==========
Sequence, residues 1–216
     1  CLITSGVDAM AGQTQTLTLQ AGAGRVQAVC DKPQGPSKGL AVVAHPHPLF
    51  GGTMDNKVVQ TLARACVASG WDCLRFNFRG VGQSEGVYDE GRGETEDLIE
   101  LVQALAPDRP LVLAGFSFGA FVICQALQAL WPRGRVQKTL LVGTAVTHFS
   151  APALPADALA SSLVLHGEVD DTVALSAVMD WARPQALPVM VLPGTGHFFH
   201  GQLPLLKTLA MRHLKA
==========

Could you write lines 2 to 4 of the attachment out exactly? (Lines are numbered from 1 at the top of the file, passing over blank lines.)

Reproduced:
     1  CLITSGVDAM AGQTQTLTLQ AGAGRVQAVC DKPQGPSKGL AVVAHPHPLF
    51  GGTMDNKVVQ TLARACVASG WDCLRFNFRG VGQSEGVYDE GRGETEDLIE
   101  LVQALAPDRP LVLAGFSFGA FVICQALQAL WPRGRVQKTL LVGTAVTHFS